We are pleased to post an update from Grameen Foundation about the Campaign Commitment that they launched in 2014. Focused on supporting the growth of the use of a very effective poverty measurement tool, the PPI®, their Commitment also underscores the importance of using the data from tools like this in helping to improve the way we support and serve those living in poverty.
You can learn first-hand how such tools can be used, not just to prove that you are reaching the extreme poor, but to improve the services that you offer and the way you interact with the extreme poor. We are organizing a breakout session at the 18th Microcredit Summit called “Innovations in Measuring Social Impact.” Learn more and register today!
>> Authored by Julie Peachey, Grameen Foundation
In early 2014, Grameen Foundation made several commitments, as part of the Microcredit Summit Campaign’s 100 Million Project, towards achievement of the collective goal of helping 100 million families escape poverty. Our commitments focused on demonstrating use of the Progress out of Poverty Index® (PPI®) for measuring household-level poverty, because reaching and lifting people out of poverty requires knowing who is actually poor.
>>Authored by Larry Reed, Director, Microcredit Summit Campaign
Last week, Beth Rhyne posted a well-deserved tribute to Alex Counts, who recently retired as CEO of Grameen Foundation. I’d like to add to her thoughtful articulation of Alex’s contributions to microfinance and the lives of people living in poverty.
I once sat with Alex at a dinner in Dhaka that brought together many different strands of the Grameen family. Our table included several of the board members of Grameen Bank, women clients of the bank. They laughed at Alex as he talked with them in Bangla, and then let us know exactly what they thought about how the government was treating Prof. Yunus. As I watched their delighted conversation, I was struck with how it traversed so many traditional barriers of gender, age, caste, education, experience and income. It was just Alex and his friends, who were not only clients of Grameen but were also mothers, daughters, board members and business owners. He wanted to learn as much as he could from them.
By Larry Reed, Director, Microcredit Summit Campaign What can we say about a book that exposes a huge vulnerability in the microfinance industry, but does so by exposing only those facts which make its case and excluding those which give … Continue reading →
The world is mobilizing to address the massive earthquake that hit Haiti on Tuesday, dealing a horrific blow to the poorest nation in the Western Hemisphere. The reported epicenter of the earthquake is a highly populated area known to house many of Port-au-Prince’s poorest families. The International Red Cross estimates that one-third of the island nation’s 9 million people have been displaced by the earthquake and many thousands are dead.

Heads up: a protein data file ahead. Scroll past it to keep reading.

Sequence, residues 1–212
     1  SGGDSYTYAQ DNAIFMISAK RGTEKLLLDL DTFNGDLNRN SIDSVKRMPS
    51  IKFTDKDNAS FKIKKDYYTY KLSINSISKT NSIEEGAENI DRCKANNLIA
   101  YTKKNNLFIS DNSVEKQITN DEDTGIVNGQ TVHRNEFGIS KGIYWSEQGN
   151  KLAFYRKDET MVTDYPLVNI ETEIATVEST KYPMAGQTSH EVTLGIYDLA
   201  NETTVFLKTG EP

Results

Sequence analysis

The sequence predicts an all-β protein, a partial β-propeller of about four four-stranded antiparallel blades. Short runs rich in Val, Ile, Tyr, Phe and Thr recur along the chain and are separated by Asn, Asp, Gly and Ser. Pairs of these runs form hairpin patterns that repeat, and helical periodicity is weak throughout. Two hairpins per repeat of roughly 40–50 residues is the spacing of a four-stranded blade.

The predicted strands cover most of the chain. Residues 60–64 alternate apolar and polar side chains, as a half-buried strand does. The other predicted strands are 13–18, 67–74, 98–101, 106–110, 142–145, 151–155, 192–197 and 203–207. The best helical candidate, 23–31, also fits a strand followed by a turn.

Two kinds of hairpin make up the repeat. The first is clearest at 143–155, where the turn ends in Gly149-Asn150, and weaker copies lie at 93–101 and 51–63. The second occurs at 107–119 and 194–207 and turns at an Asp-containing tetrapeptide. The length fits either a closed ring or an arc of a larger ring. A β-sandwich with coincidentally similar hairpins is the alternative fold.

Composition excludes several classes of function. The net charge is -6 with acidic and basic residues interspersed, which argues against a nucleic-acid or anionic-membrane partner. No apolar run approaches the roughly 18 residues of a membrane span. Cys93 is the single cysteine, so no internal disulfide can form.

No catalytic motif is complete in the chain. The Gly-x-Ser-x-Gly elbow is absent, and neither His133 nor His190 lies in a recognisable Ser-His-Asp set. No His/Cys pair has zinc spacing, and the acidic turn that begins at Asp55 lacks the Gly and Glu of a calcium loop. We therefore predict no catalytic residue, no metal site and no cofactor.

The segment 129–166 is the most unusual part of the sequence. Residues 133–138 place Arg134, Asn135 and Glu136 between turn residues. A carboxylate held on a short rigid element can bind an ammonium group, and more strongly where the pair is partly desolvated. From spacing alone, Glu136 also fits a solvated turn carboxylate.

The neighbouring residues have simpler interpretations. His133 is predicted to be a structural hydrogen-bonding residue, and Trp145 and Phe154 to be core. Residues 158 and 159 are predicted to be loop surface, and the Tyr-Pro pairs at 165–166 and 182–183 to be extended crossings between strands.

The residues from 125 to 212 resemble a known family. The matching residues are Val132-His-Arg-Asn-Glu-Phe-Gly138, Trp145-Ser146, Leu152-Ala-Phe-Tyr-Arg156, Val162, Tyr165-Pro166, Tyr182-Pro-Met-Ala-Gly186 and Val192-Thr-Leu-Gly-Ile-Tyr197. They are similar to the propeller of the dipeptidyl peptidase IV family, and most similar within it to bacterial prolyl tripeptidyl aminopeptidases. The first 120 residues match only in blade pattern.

This disaster requires both immediate emergency relief and longer term rebuilding efforts. Microfinance will play a crucial role in the financing needs that inevitably arise from this type of catastrophe as Haitians look to rebuild their country.
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Below are microfinance organizations participating directly in relief and recovery work among earthquake victims in Haiti. Click on the organization link below to donate:
On Monday, USAID has announced a partnership with Grameen Foundation for a $162.5 Million Credit Guarantee. By this valuable partnership, it will easier for the microfinance institutions (MFI) to access private credit as USAID and Grameen Foundation will share the credit risk.
As we all know, effects of the actual financial crisis also has an influence on the MFIs. As the unemployment rate increases, more and more people are trying to setup a micro-enterprise and this has increased the demand for microcredit.
According to USAID and Grameen Foundation, the 3 major ways that MFIs get funding are reinvestment of repaid customer loans, loans from commercials banks and finally grants from donors. As the financial crisis has reduced the access of commercial financing to the MFIs, this partnership between USAID and Grameen Foundation will provide credit enhancement for the MFIs.
Moreover, the partnership will lend money in local currency as they believe that this will present less risk of currency market fluctuations. In the actual financial meltdown, this partnership should give a helpful hand to worldwide MFIs who will profit from this partnership, an estimated of 691, 500 micro-entrepreneurs will benefit the loans provided by these MFIs.
Grameen Foundation is “global non-profit organization that combines microfinance, technology, and innovation to empower the world’s poorest people to escape poverty. It has established a global network of 46 partners in 25 countries that has impacted an estimated 18 million lives in Asia, Africa, the Americas, and the Middle East. Grameen Foundation was founded by Alex Counts, who began his work in microfinance with Grameen Bank founder and Nobel Peace Prize recipient Dr. Muhammad Yunus.”
USAID is an independent federal government agency that provides foreign assistance worldwide. “USAID has been the principal U.S. agency to extend assistance to countries recovering from disaster, trying to escape poverty, and engaging in democratic reforms.”